• Can you see the number on your house from the street (have a grown-up go with you to check)?
• Has your family picked a safe place to meet outside if a fire occurs?
• Are the batteries working in all your smoke alarms?
• Does your home have interconnected smoke alarms (when one sounds, they all sound)?
• Do you test the batteries in the smoke alarms at least once a month?
• Does your family have a home fire escape plan that includes two ways out of each room?
• Does your entire family practice your plan twice a year?
Do the Drill! - The Family’s Fire Safety Checklist
1. Call the family together
2. Let everyone know that you are going to do a practice fire drill.
2. Explain that when the smoke alarm goes off, everyone should quickly and carefully leave the home and go to the Outside Meeting Place.
3. Ask everyone to go to a different room and wait for the alarm.
4. After several minutes, set off the smoke alarm by pushing the test button and watch your family’s actions.
The Bodega Volunteer Fire Department will be holding its annual Polenta And Beef Stew Dinner on Saturday, October 8th from 5:30 to 8:00 pm at the McCaughey Hall, 117184 Bodega Hwy, downtown Bodega. Dinner includes polenta topped with beef stew and cheese, salad and a roll. Adults $12.00 and children $8.00.
BODEGA BAY FIRE
The Bodega Bay Fire District is proud to announce the promotion of Justin Fox to Captain/EMT. Justin Fox has been with the Fire District for seven years. Justin is also a Fire Captain with the Wilmar Fire Department.
Our annual fire prevention “Night at the Fire Station” is October 7th, from
5 to 8pm. Station tours, Sparky the fire dog, BBQ, Fun and Games for the Kids. We hope to see you there.
Forestville Firefighters will be hosing a Blood Drive on November 2nd from 3 to 6:30 pm.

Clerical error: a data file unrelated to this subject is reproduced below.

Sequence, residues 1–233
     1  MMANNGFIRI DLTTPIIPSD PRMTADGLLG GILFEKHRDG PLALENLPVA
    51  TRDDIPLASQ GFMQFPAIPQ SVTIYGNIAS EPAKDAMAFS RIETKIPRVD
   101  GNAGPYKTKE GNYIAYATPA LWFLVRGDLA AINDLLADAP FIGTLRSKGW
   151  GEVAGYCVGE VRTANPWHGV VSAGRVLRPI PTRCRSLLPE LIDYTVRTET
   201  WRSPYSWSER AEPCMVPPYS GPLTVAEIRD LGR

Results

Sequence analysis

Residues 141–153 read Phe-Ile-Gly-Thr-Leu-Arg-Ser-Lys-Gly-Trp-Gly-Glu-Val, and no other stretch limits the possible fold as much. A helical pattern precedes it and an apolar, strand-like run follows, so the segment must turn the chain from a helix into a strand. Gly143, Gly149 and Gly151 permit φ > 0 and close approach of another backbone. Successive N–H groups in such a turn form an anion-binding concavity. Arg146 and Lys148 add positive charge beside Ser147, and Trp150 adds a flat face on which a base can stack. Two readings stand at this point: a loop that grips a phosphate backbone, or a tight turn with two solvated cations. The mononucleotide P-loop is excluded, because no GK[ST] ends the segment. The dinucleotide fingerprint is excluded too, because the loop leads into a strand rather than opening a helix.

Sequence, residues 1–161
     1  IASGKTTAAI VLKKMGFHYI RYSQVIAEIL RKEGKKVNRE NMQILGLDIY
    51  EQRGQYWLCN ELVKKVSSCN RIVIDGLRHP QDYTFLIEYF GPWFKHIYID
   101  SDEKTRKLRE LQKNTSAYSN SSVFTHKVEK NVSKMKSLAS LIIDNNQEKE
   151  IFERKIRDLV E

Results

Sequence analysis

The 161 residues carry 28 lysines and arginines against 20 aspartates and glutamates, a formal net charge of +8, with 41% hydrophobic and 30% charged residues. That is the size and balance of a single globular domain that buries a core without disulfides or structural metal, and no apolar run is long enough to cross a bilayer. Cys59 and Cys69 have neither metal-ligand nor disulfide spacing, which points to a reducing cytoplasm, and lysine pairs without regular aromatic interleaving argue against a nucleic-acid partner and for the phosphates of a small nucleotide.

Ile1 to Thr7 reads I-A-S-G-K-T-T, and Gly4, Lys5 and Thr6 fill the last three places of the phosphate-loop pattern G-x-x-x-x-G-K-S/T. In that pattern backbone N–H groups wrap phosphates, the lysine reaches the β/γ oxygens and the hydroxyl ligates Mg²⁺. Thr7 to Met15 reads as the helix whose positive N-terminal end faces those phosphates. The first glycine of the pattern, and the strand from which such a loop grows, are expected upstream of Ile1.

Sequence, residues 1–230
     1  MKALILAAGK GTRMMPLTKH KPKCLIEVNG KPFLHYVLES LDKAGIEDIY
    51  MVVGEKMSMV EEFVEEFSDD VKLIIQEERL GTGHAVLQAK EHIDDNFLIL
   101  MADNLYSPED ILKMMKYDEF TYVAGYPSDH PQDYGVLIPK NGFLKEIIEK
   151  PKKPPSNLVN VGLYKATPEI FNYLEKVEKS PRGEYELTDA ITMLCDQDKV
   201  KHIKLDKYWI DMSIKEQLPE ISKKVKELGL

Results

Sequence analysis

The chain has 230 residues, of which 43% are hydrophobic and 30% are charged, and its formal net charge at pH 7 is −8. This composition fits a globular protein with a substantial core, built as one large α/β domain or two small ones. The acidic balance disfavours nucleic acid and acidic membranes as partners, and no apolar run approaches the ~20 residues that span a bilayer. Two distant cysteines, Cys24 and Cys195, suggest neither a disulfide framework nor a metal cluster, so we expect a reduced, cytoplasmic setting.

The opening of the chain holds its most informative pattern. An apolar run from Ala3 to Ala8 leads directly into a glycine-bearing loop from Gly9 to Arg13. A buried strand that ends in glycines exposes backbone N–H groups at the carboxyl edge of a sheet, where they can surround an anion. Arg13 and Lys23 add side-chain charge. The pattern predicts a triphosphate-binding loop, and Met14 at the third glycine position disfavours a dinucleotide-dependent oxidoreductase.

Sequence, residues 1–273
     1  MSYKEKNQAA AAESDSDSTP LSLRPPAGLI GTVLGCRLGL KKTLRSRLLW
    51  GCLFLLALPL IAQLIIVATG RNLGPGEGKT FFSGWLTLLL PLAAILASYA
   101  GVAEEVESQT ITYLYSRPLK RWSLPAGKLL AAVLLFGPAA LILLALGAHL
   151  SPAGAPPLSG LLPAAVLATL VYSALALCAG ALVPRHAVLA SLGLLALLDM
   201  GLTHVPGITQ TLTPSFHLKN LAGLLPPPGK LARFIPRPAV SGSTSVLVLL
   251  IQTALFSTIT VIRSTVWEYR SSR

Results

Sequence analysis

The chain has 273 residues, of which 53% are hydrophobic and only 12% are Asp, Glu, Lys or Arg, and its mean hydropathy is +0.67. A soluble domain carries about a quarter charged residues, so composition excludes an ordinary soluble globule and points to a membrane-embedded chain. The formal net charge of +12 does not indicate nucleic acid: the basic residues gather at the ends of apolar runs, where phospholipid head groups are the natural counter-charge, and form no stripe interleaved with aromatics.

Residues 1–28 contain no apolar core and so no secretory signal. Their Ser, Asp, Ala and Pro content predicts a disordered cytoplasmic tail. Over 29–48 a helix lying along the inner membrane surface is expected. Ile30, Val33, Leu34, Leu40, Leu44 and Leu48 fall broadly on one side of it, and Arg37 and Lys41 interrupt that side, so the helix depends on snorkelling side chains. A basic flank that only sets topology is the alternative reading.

The Forestville Firefighters Association will be hosting the Annual Halloween Haunted House at the Forestville Fire Station from 5pm to 8pm on Halloween night. Children and adults of all ages are welcome. The Association will also be handing out glow stick necklaces to make your Halloween night a safe one.
RUSSIAN RIVER FIRE
Firefighters from Russian River joined personnel from Healdsburg, Rancho Adobe, Sonoma Valley and numerous agencies throughout the North Bay and travelled to San Francisco to participate in a memorial stair climb at the Transamerica Building as part of the ten year anniversary of 9/11. To honor the 343 fallen firefighters and 60 police officers who died at the World Trade Center, individuals who participated in the stair climb wore the name and picture of a fallen firefighter or police officer and climbed a total of 98 stories.
Our next Board of Directors Meeting is October 10th at 6pm at the fire station. We hope you’ll consider attending.
For more info visit us on line at www.russianriverfire.org.
9/11 Remembrance and New Station Open House
Thank you to the hundreds of friends, neighbors, and family who attended our September 11th Remembrance and New Station Open House. It was a huge success. The employees from Traditional Medicinals were very generous cooking hot dogs for everyone and serving Mom’s apple pies. A Sonoma Life Support Ambulance taught CPR and on-duty engines from Cal Fire and Gold Ridge Fire also attended. CHP officers and Sheriff deputies came to remember 9/11. Chiefs and firefighters from Sonoma County Fire, Occidental, Gold Ridge, Sebastopol, Forestville, Bodega Bay, Monte Rio, Rincon Valley, Windsor, and more were on hand as well.
We memorialized the day with a flag honor guard who added a 9/11 memorial flag just below our American flag while the crowd watched and observed a moment of silence. Firefighters and public alike took the time to Remember those who had fallen, Reflect on the event, and Renew their hope for the future.
When the remembrance ended, the Graton Firefighters took the opportunity to thank the Graton Community for making this station a reality. After 60 years of service, we moved into our new station that will serve us for the next 60 years and beyond. The event concluded with a Resolution from the County Board of Supervisors presented by Fifth District Supervisor Efren Carrillo thanking the District and the firefighters for their service over the last six decades and becoming one of the busiest fire stations still staffed only with volunteers.